Member Stories

January 19-26
Some of our favorite stories by EWA members this week

In a story about higher graduation rates for students in career and technical education programs, one source tells Natalie Pate of the Statesman Journal that while math or English may not be students’ favorite classes, “they are more willing to put in the time and do the work” because they can see the relationship between what they are learning and the projects they work on.

 

Ann Doss Helms of The Charlotte Observer compiles teachers’ responses to President Trump’s claim that the U.S. education system is “flush with cash.”

 

A new report highlights six California school districts where English-language learners scored nearly on par or exceeded their English-proficient peers on standardized science tests, Carolyn Jones writes for EdSource.

 

Reporting for Chalkbeat Tennessee, Grace Tatter explains the implications of the state board doubling as a local school district.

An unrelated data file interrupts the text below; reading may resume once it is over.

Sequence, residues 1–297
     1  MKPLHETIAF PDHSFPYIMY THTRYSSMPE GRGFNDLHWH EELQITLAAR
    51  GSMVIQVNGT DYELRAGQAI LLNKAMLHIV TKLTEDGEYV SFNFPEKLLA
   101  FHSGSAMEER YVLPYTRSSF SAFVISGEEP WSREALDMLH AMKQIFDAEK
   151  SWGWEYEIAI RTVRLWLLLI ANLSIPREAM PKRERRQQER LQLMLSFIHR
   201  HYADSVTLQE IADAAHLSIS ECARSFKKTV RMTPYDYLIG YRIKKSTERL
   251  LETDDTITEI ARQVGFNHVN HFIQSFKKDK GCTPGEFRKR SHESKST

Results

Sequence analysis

Linda Conner Lambeck of the Connecticut Post talks with parents both for and against Betsy DeVos’ nomination for education secretary. 

 

“Parents would get money to pull their kids from Texas public schools and educate them elsewhere, under divisive proposals that two of the state’s three top GOP leaders endorsed Tuesday,” Holly K. Hacker and Robert T. Garrett report for the Dallas Morning News. “Under a plan generating the most buzz, those families would get taxpayer dollars to spend on private schools, tutoring or related expenses through something called education savings accounts.”

 

In a story for The Modesto Bee, Nan Austin writes that the local school district is updating its sex education videos from VCRs to DVDs while considering a switch from its abstinence-only approach. 

 

“In planning for the future, California’s colleges and universities are trying to predict their enrollments five, 10 and even 20 years from now. But there is much uncertainty and disagreement over which factors should be weighed most heavily,” Larry Gordon writes for EdSource.

 

Alexandra Pannoni of U.S. News & World Report has tips for parents overseas who are considering sending their teenagers to high school in the U.S.

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